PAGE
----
The wind was up and the turbine was spinning. The winds were actually unusually light the whole time I was on my property this time. The wind turbine still made good amounts of power though, even with winds that at best made it to only a little over 20 mph at times.

This photo shows the base of the tower, staked to the ground, and with the wire from the wind turbine exiting from the Tee below the conduit tower. I used an old orange extension cord with a broken plug to connect between the turbine and the controller. I simply cut both ends off and put on spade lugs. Threading the wire through the tower turned out to be easy. It was a cold morning and the cord was very stiff. I was able to just push it through the length of the conduit tower. on a warmer day I probably would have had to use a fishtape or string line to pull the cord through the conduit. I got lucky

Here the meter shows the turbine producing 13.49 volts. The voltage from the turbine goes up only a little as the wind speed increases once it has a load to power. Once the wind starts blowing, the turbine head snaps around into it and begins spinning up. It spins up quickly until the output voltage exceeds the battery voltage plus the blocking diode drop (around 13.2 volts, depending on the state of the battery charge). it is really running without a load until that point. Once the that voltage is exceeded, the turbine suddenly has a load as it begins dumping power into the battery. Once under load, the rpms only slightly increase as the wind speed increases. More wind means more current into the battery which means more load on the generator. So the system is pretty much self-governing. I saw no signs of over-reving. Of course in storm-force winds, all bets are off. Switching the controller to dump power into the dummy load did a good job of braking the turbine and slowing it way down even in stronger gusts. Actually shorting the turbine output is an even better brake. It brings the turbine to a halt right now, even in strong winds. Shorting the output is how I made the turbine safe to raise and lower, so I wouldn't get sliced and diced by the spinning blades. Warning though, the whole head assembly can still swing around and crack you hard on the noggin if the wind changes direction while you are working on these things. So be careful out there.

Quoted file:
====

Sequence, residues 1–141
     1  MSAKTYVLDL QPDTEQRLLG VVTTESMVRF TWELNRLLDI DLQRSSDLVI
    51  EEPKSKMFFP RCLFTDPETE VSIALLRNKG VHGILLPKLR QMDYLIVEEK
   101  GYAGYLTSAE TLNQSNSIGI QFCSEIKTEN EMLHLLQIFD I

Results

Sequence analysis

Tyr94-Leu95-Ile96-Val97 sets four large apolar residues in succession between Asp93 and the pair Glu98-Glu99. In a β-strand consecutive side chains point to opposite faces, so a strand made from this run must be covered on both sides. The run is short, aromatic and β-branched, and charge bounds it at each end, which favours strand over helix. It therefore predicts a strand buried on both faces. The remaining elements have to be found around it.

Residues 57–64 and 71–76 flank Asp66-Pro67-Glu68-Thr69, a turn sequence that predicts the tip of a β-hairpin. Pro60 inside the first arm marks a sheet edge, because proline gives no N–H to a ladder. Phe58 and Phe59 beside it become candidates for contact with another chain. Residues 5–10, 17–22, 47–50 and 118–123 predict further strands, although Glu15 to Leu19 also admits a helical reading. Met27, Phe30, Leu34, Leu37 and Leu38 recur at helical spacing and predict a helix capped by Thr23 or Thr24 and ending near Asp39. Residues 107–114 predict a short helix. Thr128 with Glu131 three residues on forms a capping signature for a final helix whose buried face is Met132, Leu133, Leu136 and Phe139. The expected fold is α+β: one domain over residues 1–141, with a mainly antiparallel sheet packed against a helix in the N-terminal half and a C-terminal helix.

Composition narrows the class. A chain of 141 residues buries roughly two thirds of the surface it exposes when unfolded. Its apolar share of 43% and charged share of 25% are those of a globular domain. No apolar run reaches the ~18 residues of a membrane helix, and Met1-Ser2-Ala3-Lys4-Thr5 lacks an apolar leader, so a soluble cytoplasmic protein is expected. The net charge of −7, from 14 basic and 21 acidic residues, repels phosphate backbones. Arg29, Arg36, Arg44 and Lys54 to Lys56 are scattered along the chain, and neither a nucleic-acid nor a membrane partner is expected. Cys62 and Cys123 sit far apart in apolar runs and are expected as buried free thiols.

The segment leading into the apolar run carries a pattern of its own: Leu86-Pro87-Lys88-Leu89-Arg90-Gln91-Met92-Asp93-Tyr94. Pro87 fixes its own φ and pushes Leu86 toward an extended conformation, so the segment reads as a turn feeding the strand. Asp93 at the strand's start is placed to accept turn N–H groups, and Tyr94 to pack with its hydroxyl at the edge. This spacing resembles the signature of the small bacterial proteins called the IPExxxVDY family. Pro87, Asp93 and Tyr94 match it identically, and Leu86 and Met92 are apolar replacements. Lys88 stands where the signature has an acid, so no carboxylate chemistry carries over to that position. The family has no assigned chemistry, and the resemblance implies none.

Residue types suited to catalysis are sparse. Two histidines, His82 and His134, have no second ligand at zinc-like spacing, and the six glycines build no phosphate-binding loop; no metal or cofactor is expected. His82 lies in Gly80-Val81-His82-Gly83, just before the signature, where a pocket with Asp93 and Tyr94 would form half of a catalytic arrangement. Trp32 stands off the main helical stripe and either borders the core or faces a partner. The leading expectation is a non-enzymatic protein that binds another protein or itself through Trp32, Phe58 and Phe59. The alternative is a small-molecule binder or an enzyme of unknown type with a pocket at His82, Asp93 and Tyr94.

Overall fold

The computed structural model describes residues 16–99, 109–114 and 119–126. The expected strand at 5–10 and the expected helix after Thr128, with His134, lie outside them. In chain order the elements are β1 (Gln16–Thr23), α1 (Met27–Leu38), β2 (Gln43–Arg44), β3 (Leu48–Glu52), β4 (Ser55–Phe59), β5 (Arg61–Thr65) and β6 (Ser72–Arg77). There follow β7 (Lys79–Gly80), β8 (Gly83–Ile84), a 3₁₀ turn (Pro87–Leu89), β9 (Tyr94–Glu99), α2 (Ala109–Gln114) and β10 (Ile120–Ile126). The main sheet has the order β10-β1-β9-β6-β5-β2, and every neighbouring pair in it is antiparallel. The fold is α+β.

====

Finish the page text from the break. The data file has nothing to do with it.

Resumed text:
My system isn't designed to produce enough electricity to power an entire home or farm. My system was just designed to provide a couple of hundred Watts tops in an area where no other electric options were available. I am working on design and construction of other wind turbines and even solar panels to increase my power production beyond the current minimal level. However, even if successful, these new additions would still not power a typical home or farm. My ultimate goal is to have enough power from wind and solar sources to power a small cabin and observatory on my remote property that will only be occupied occasionally and won't have much need for electricity. If you need a bigger system, then you need someone with experience with bigger systems to help you out. Question #3: What are you working on now?

I used the wind turbine to power my new popup trailer on my spring vacation. The strong spring winds kept the wind turbine spinning all day every day and most of the nights too while I was in Arizona. The turbine provided enough power for the interior 12V lighting and enough 120V AC at the power outlets to keep my battery charger, electric shaver, and mini vacuum cleaner (camping is messy) all charged up and running. My girlfriend complained about it not having enough power to run her blow-dryer though.

Here my volt meter is showing the turbine producing 14.5 volts in a stiff wind. Although the wind turbine powered the popup fairly well, I think there is room for improvement. I was powering the popup with 120 Volts AC via my inverter. The popup has its own 120V AC to 12V DC power supply for powering the interior lighting and other 12V accessories. The losses involved in converting power to 120V AC and then back to 12V DC probably heavily contributed to the battery running down fairly quickly a couple of times during periods of light wind. Powering the 12V systems directly from the battery would probably work better. The only downside I see is that the DC voltage won't be regulated and could swing a couple of volts up or down with changes in wind speed. That wouldn't bother most kinds of lighting too much. Other devices could have a problem with it though.

Watch this windmill

Make a small wind generator, what can be done with little

This is sure to tickle your imagination! One of the simplest, most versatile Mini Wind Turbines you will ever find. It can be built for demonstration purposes, or to be taken along in camping trips, backpacking, hiking, on a boat, to a mountain cabin or a myriad of other uses. It probably counts as one of the world's easiest to make and smartest small Renewable Energy projects around. For the curious minds and a great idea for school projects and science fairs.

Make this wind generator

lovely to do something like this

thank you very much for viewing my YouTube video(s) of four miniature wind turbines that I have designed and built. In presenting these miniature wind turbines my intention is to share with you my love of science. If you are a teacher and you happen to come across one or all four of my videos, I would feel deeply honored if you were to share them with your students. Young people have an almost immediate need to help solve the pending energy crisis that will present itself. Wind energy is already on the rise in the United States and in other parts of the world. Wind energy is a relatively safer form of energy for our children compared to nuclear energy. I hope to inspire other minds through this (or these) video(s) that may help avert an energy crisis that may one day negatively impact the entire planet. Thank you and, I hope that you enjoy my small contribution to the world of science.





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Watch the wind generator in action

My wind generator working well

Home    About us    Small Wind turbines    More wind turbines    Generators    Charging Batteries    Lighting   Power supply    Safety    Nice project